A multimedia exhibition marking the fortieth anniversary of Freedom Summer and celebrating American voting rights and responsibilities. Including photographs by members of the Southern Documentary Project: Matt Herron, George Ballis, and David Prince.
The images in the Farm Security Administration–Office of War Information Collection (1935-1945) at the Library of Congress are among the most famous documentary photographs ever produced. Directed by Roy Emerson Stryker and created by a group of U.S. government–commissioned photographers, including Dorothea Lange, Marion Post Wolcott, and Walker Evans, these images recorded aspects of American lives in every part of the nation. In the early years, the project emphasized rural life and the negative impact of the Great Depression, farm mechanization, and the Dust Bowl. For many Americans of later generations, these images epitomize the Depression.
Inspired by the work of the Farm Security Administration photographers, Matt Herron sought to create a similar record of the Civil Rights Movement, in which he was active. Though he was admonished by Lange that he might have a problem with objectivity, in the summer of 1964 he organized a team of eight photographers, called the Southern Documentary Project, in an attempt to record the rapid social change taking place in Mississippi and other parts of the South as civil rights organizations brought non-southern college students to work in voter registration and education. Many photographers were doing work in and around the movement at this time—some as independent documentarians, some as photojournalists on assignment for media organizations, some as part of their work for the movement. Danny Lyon, for example, who became part of the Southern Documentary Project, was the official photographer from 1962 to 1964 for the Student Nonviolent Coordinating Committee (SNCC), which helped to organize the action that came to be known as Freedom Summer. With varying degrees of success and with financial support from Life magazine and Black Star Photo Agency, Herron, Lyon, George Ballis, Dave Prince, and others created one of the more important bodies of documentary images from the Civil Rights era.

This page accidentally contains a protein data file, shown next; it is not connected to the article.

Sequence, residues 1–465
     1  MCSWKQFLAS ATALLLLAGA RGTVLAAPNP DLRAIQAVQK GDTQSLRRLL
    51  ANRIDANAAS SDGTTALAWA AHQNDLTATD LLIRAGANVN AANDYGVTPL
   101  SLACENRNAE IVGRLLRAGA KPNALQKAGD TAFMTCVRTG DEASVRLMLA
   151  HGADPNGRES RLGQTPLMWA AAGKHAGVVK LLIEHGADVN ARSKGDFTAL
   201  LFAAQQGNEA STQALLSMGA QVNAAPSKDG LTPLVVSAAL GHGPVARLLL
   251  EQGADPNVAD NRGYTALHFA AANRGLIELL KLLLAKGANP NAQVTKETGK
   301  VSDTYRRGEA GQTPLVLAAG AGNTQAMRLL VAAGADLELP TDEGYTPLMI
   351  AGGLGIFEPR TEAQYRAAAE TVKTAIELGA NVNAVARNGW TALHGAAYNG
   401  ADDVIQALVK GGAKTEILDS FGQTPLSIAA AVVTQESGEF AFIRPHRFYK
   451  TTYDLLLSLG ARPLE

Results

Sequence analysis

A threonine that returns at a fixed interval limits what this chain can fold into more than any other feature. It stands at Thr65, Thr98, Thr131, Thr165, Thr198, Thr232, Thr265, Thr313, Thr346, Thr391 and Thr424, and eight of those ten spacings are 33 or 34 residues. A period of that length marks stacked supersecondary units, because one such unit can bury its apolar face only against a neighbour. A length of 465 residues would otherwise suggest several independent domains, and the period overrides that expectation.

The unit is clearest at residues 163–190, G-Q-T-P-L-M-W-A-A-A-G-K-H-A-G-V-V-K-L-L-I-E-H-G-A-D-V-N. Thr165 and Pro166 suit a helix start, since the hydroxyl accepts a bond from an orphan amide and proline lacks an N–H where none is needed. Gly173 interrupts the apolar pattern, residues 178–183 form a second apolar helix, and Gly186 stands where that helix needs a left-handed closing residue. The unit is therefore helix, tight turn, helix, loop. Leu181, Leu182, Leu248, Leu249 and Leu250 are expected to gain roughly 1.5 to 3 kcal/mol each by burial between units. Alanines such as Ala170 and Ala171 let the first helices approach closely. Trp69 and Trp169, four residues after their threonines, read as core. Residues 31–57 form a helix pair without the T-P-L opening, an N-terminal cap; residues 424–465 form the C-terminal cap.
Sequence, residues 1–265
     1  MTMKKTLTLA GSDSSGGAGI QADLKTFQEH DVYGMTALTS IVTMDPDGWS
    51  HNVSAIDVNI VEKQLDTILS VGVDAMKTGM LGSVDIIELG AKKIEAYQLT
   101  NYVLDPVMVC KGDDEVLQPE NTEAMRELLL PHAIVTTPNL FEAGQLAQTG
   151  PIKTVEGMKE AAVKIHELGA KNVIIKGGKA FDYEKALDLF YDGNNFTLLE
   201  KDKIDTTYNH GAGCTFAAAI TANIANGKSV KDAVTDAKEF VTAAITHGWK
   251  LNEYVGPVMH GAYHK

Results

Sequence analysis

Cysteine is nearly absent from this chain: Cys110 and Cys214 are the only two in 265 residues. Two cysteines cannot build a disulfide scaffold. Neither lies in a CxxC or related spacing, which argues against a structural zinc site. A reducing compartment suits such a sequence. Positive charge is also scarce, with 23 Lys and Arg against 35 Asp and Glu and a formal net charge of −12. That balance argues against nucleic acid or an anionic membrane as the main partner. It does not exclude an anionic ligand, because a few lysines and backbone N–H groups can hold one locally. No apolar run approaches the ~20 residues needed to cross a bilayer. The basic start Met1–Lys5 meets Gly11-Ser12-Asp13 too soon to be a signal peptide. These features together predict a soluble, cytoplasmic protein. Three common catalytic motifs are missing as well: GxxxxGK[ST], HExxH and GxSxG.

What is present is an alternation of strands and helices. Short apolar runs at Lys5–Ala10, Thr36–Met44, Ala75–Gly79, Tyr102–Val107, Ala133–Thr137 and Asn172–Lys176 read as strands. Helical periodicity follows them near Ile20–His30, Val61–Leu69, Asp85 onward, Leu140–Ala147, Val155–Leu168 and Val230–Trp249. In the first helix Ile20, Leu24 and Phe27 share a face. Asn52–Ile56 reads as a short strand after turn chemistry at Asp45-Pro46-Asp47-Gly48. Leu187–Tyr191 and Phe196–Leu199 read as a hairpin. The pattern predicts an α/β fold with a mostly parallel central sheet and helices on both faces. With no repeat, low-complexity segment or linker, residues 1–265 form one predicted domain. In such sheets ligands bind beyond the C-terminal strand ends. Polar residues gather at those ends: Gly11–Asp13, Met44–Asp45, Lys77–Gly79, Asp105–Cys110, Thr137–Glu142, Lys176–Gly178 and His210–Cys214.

The Freedom Summer campaign of 1964, the climax of voter registration activities that started in the South three years earlier, targeted Mississippi, where black voter registration was the lowest in the country. Organized by a coalition called the Mississippi Council of Federated Organizations (COFO), which included SNCC as a primary partner as well as the National Association for the Advancement of Colored People (NAACP) and the Congress of Racial Equality (CORE), the campaign also sought to organize a legally constituted Freedom Democratic Party that would challenge the whites-only Democratic Party in Mississippi; to establish “freedom schools” to teach reading, math, and African American history to black children; and to open community centers where indigent black Mississippians could obtain legal and medical assistance. Hundreds of out-of-state students, most of them white and many from well-to-do families, joined with local black residents in doing this work. Student volunteers were required to bring $500 for bail and money for living expenses, medical bills, and transportation home. They lived among local residents and were prepared for violence, and perhaps even death. Two of the white students, Michael Schwerner and Andrew Goodman, both from New York, and a local black worker, James Chaney, were murdered that summer, their badly beaten bodies undiscovered for six weeks. These events kept national attention focused on Freedom Summer, yet it was the masses of determined local people who put their bodies on the line, in order to change the conditions of their lives, who defined and perpetuated the struggle.